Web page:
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The Ravens, entering the eighth week of the season, are at a juncture. Baltimore, although frequently listed as a top ten team in the National Football League,  has only won four games, and lost three. The team is gearing up for the crucial second half of the season and is in no position to fall to an even win to loss ratio. The Ravens will not have an easy time against the Panthers. Despite troubles, Carolina has managed to win close games. The Panthers are led by the prolific quarterback, Cam Newton, who is equally a threat on the ground as he is a passer. The Ravens will need to figure out a way stop Newton, and score points on offense. To do this, there are three key battles that the Ravens must win.

Front Seven Must Bottle Up Cam Newton

Cam Newton’s dual-threat ability is the single biggest problem facing the Ravens defense. Newton’s first inclination will be to pass, but if the Ravens secondary can cover the receivers, Newton will look to run. The Ravens will need to have the front seven, linebackers and the defensive line, work to stop Cam Newton from running the ball. The secondary, with Jimmy Smith and Brandon Carr both expected to play, should be able to hold the receivers from performing well. If this happens, and the Ravens can stop veteran tight end, Greg Olsen, Cam Newton will try to get the yards himself on the ground. If he is stopped, then the Ravens defense effectively will neutralize the Panthers offense.

Offense Must Establish Run Game

The Ravens offense has been one of the most improved units in the league. However, as Joe Flacco commands a valiant passing attack, the running game has yet to join the battle. Alex Collins broke out last season and nearly hit 1,000 yards rushing. This season, however, he has yet to even rush for over 100 yards in a single game. No running back for the Ravens has been able to step up and revitalize the ground game. The Ravens need someone, anyone, to come in and stabilize the offense on the ground. If the Ravens rushing attack finds a way to make an impact against the Panthers, the offense will be more balanced, score more points, and the Ravens will have a better chance of winning the game. The only problem is that the Panthers have a very good run defense. Carolina ranks ninth in the league in the least run yards allowed.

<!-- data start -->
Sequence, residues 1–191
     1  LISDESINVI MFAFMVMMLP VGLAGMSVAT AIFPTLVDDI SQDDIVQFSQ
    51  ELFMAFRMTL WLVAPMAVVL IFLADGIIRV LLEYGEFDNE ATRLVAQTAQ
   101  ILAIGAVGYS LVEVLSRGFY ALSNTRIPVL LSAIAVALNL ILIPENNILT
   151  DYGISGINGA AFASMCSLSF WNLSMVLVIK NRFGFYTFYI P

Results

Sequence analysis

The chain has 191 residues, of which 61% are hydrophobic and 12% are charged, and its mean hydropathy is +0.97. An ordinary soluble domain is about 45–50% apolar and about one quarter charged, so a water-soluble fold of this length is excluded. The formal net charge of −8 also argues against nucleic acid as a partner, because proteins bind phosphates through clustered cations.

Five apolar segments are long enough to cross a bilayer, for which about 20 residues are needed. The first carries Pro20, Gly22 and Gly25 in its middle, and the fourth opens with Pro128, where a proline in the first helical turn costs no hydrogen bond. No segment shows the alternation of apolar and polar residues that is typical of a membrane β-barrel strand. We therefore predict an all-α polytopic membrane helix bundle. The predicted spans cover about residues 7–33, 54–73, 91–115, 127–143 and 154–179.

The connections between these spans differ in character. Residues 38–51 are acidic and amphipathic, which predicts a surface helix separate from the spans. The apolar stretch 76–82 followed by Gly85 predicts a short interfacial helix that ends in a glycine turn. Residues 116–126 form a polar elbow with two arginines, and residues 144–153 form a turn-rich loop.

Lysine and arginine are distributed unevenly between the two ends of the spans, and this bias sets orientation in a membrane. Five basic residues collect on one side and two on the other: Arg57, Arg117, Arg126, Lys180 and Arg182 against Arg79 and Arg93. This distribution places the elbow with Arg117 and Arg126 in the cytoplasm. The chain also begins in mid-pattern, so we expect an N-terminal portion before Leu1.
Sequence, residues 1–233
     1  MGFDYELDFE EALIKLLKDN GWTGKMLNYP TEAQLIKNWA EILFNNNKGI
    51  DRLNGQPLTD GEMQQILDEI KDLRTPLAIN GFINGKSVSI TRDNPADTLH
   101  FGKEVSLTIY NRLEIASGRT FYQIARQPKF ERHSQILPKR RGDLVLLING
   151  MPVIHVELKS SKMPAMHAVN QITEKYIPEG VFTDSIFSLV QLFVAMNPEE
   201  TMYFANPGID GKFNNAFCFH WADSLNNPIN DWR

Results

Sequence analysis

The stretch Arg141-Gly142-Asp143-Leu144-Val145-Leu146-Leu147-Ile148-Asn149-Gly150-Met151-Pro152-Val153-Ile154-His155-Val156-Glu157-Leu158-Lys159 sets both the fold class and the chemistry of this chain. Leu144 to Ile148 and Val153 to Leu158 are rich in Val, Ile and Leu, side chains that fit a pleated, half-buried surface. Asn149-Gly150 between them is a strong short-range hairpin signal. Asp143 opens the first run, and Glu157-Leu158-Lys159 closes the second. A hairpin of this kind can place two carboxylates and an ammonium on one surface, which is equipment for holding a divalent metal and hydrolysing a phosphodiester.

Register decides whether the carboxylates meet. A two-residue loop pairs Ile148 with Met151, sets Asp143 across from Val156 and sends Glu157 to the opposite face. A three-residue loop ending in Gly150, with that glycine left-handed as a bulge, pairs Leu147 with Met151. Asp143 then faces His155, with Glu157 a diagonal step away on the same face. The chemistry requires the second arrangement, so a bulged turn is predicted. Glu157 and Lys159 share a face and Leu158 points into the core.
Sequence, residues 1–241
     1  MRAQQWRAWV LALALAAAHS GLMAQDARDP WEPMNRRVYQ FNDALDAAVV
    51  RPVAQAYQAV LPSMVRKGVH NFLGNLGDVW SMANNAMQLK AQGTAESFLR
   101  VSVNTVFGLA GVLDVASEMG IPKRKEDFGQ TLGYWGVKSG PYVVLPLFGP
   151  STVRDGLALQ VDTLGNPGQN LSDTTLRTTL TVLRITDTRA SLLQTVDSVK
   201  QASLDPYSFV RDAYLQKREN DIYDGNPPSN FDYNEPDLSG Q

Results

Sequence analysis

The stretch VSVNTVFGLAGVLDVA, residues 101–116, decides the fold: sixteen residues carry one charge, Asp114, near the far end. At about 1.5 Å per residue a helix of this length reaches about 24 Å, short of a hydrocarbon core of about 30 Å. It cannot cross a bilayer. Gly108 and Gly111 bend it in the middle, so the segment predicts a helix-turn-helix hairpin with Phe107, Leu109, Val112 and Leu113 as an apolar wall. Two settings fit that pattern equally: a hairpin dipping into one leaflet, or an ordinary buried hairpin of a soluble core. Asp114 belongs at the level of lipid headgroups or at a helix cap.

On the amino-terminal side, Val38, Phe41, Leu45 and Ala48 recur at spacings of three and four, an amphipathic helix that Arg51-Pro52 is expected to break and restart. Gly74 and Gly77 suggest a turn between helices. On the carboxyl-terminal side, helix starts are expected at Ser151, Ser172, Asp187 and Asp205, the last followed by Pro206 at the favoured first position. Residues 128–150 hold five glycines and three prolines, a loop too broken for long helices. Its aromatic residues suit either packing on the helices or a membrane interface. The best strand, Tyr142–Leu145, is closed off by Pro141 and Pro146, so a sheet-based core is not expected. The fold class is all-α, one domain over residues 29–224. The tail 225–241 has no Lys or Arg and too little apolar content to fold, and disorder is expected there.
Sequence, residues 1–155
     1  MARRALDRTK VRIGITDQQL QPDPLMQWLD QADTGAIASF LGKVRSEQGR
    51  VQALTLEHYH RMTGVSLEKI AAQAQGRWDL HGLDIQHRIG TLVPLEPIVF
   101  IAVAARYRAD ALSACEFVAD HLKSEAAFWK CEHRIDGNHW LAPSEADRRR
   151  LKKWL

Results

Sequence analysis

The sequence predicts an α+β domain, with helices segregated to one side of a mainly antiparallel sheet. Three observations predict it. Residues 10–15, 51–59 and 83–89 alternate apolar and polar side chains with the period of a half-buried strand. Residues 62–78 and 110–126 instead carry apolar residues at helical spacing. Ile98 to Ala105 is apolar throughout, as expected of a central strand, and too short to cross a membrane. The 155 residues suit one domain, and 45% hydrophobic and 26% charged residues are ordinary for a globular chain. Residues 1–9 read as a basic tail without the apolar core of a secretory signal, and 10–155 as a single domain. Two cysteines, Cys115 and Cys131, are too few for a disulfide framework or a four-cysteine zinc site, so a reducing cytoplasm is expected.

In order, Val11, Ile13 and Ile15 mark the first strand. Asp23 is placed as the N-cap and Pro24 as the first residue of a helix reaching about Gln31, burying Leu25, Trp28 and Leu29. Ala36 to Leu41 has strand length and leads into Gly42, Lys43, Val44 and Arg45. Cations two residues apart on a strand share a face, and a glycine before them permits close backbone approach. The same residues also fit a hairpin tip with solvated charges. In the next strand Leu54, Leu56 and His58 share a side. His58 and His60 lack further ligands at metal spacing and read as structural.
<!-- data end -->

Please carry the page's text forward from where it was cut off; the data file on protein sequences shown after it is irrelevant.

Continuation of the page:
Flacco Must Take Advantage of Mediocre Passing Defense

Joe Flacco is facing a middle of the road pass defense. The Panthers currently rank 17th in the league in lowest pass yards allowed per game. The Ravens running game is not expected to help the team very much, and the Ravens offense needs to take command of the game. John Brown, Michael Crabtree, and Willie Snead have been a prolific trio, and the Ravens need to see all three produce against the Panthers. The passing attack must be the engine that moves the Ravens offense. Against the Saints, the unit performed admirably, but could not keep scoring once a lead was created. The Ravens need to score points and prevent the Panthers from going on long streaks of unanswered points.


The Ravens cannot afford to lose this game, and will not lose the game. While the running game will continue to struggle, the passing attack will take advantage of a mediocre defense. The Ravens defense will work to establish its dominance, and hold Cam Newton to a modest amount of success on the ground. Meanwhile, the Ravens secondary will have no problem covering up Funchess and Moore, but Greg Olsen will give the team problems. Ultimately, the Ravens will score in every quarter, finishing with 28 points and a win. Carolina will score just 20.

One Reply to “Preview & Predictions: Week Eight, Carolina Panthers”

  1. “Do not care to take road chalk here, but I firmly believe the Ravens are a better team. They’re coming off a tough loss to the Saints at home where, if the defense does its job in the fourth quarter, Baltimore easily wins. And Carolina was down 17-0 in the fourth quarter to the Eagles — if Philly’s defense does its job, the Panthers lose. That’s not to discredit Drew Brees and Cam Newton and their outstanding late-game play, but the point is that this line is 

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